Simulating a parking garage with Clojure Refs

In this post, we will use a simple problem to illustrate Clojure Refs. All sources are on GitHub. The problem is to simulate operations on a garage used for parking vehicles.

2016 07 21 parking

The vehicles are uniquely identified using their licence plate. We will represent locations in the garage with vectors like [1 2]. This vector would represent parking space 2 on level 1. The operations required are:

(defn locate-vehicle
  "Given a licence plate, returns the location of a vehicle as a vector with the
   level and parking space number, nil if not present."
  [licence-plate])

(defn number-of-free-parking-spaces
  "Returns the current number of free parking spaces in the garage."
  [])

(defn enter-garage!
   "Simulates a vehicle entering the garage. Return the state of the garage if
   there is still free space, nil if no empty parking space exists."
  [licence-plate])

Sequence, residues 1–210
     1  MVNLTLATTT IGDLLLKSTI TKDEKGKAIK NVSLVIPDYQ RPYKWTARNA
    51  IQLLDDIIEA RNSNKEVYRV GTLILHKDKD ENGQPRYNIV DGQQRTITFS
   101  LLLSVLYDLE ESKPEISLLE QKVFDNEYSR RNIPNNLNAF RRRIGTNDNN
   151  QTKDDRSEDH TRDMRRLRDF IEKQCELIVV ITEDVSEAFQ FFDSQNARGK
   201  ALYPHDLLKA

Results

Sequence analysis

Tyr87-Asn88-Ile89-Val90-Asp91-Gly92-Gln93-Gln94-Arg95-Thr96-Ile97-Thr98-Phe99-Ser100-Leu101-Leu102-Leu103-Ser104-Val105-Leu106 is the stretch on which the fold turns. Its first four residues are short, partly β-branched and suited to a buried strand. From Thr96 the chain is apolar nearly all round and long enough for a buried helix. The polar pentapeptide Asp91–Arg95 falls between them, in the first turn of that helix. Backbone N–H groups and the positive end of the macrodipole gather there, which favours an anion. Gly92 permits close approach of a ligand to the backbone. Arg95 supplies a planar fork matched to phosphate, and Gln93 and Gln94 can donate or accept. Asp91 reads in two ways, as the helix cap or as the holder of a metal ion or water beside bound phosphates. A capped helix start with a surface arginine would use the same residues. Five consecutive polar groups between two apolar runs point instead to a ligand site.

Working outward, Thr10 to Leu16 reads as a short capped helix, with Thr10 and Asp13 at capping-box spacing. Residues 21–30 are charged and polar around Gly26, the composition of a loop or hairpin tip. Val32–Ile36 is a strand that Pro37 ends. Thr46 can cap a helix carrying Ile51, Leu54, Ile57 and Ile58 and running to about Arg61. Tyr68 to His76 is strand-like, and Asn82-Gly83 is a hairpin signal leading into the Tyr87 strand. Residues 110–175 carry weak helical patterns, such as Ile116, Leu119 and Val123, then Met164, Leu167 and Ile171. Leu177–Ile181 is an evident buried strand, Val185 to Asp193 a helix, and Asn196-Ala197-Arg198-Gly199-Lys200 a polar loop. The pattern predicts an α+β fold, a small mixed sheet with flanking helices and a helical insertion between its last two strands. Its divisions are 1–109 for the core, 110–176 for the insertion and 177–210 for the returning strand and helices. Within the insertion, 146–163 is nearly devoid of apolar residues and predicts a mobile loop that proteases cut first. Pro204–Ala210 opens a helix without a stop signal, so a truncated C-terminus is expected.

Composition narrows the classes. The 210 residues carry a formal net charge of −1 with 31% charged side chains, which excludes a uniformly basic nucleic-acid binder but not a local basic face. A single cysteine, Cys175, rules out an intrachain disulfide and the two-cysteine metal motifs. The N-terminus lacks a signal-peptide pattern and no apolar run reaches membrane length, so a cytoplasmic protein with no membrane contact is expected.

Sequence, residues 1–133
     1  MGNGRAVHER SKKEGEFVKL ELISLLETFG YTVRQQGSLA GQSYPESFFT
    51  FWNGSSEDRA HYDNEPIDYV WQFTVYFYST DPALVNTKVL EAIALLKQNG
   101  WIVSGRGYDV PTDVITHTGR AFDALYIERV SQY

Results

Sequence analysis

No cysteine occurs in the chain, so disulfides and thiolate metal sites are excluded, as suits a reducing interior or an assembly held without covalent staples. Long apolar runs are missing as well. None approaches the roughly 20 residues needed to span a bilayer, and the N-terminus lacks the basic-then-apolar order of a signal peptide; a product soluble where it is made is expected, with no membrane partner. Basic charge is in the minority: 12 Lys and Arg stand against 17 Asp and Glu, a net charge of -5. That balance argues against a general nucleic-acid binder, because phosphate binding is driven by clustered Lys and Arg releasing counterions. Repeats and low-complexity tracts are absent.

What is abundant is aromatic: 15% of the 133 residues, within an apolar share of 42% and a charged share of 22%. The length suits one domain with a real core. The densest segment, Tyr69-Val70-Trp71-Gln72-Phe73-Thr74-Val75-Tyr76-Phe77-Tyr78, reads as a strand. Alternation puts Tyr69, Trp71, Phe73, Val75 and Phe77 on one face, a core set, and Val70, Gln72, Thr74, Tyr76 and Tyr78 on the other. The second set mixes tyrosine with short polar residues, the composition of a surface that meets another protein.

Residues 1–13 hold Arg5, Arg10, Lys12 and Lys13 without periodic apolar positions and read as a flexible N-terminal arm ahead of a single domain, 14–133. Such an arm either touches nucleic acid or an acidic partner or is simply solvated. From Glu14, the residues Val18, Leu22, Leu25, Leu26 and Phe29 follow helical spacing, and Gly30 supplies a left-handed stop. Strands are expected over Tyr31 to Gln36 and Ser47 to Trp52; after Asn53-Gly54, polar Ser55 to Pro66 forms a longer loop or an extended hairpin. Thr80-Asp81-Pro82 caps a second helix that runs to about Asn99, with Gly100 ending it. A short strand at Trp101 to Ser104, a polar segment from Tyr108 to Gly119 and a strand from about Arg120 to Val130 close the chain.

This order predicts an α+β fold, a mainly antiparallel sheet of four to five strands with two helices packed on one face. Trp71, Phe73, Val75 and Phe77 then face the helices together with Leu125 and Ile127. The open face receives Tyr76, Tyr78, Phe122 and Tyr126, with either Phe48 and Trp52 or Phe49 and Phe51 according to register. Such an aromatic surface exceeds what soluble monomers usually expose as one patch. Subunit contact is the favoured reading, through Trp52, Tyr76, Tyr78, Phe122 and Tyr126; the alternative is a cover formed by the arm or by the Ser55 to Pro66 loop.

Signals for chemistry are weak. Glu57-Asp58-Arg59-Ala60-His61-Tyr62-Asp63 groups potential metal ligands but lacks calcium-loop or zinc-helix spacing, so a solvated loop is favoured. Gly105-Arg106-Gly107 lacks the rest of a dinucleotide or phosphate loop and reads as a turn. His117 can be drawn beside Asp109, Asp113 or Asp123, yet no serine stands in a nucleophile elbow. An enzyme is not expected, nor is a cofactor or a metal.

(defn exit-garage!
  "Simulates a vehicle exiting the garage. Returns the state of the garage if
   such a vehicle exists in the garage, nil otherwise."
  [licence-plate])

We can describe the number of parking spaces on each garage level with a map. For example if our garage has two parking levels, each holding 15 and 10 parking spaces respectively, the map will be:

(def parking-spaces {0 15
                     1 10})

This map will be used to initialize the state of the garage:

(defn initialize-garage!
  "Sets the initial state of the garage."
  [parking-spaces])

Based on the signatures of the operations we have defined above, we could write a few tests using midje to indicate how the operations could be used:

(against-background
 [(before :facts (initialize-garage! {0 2 1 1}))]

 (fact "After a vehicle enters the garage it should be possible to locate it."
       (let [licence-plate "ASDF001"]
           (enter-garage! licence-plate)
           (locate-vehicle licence-plate)) => [0 0])

 (fact "If an attempt to locate an unknown vehicle is made nil should be
       returned."
       (locate-vehicle "unknown licence plate") => nil)

 (fact "After a vehicle enters the garage the number of free parking spaces
        should be one less than before."
       (let [free-parking-spaces-before (number-of-free-parking-spaces)]
         (enter-garage! "ASDF001")
         (number-of-free-parking-spaces) => (dec free-parking-spaces-before)))